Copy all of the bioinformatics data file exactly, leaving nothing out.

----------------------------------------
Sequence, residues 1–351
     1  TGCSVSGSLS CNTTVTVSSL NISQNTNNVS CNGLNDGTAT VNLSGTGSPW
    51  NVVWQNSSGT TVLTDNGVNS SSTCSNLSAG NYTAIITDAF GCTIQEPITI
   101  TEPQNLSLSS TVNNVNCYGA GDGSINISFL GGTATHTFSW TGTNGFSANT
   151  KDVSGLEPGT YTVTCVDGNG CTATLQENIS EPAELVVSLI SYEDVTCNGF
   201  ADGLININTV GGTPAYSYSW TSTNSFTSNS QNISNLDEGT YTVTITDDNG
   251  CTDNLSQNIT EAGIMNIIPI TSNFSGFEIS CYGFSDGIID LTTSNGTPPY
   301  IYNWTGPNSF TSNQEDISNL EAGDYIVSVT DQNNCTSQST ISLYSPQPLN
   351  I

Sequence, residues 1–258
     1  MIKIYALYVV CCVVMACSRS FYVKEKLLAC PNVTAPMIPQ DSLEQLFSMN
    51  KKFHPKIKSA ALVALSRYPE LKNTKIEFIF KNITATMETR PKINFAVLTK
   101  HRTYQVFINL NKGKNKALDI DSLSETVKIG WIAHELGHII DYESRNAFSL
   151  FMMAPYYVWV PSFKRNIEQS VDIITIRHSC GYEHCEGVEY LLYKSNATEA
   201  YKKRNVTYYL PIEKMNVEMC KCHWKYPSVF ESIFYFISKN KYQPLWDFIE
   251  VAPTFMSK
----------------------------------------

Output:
Sequence, residues 1–351
     1  TGCSVSGSLS CNTTVTVSSL NISQNTNNVS CNGLNDGTAT VNLSGTGSPW
    51  NVVWQNSSGT TVLTDNGVNS SSTCSNLSAG NYTAIITDAF GCTIQEPITI
   101  TEPQNLSLSS TVNNVNCYGA GDGSINISFL GGTATHTFSW TGTNGFSANT
   151  KDVSGLEPGT YTVTCVDGNG CTATLQENIS EPAELVVSLI SYEDVTCNGF
   201  ADGLININTV GGTPAYSYSW TSTNSFTSNS QNISNLDEGT YTVTITDDNG
   251  CTDNLSQNIT EAGIMNIIPI TSNFSGFEIS CYGFSDGIID LTTSNGTPPY
   301  IYNWTGPNSF TSNQEDISNL EAGDYIVSVT DQNNCTSQST ISLYSPQPLN
   351  I

Sequence, residues 1–258
     1  MIKIYALYVV CCVVMACSRS FYVKEKLLAC PNVTAPMIPQ DSLEQLFSMN
    51  KKFHPKIKSA ALVALSRYPE LKNTKIEFIF KNITATMETR PKINFAVLTK
   101  HRTYQVFINL NKGKNKALDI DSLSETVKIG WIAHELGHII DYESRNAFSL
   151  FMMAPYYVWV PSFKRNIEQS VDIITIRHSC GYEHCEGVEY LLYKSNATEA
   201  YKKRNVTYYL PIEKMNVEMC KCHWKYPSVF ESIFYFISKN KYQPLWDFIE
   251  VAPTFMSK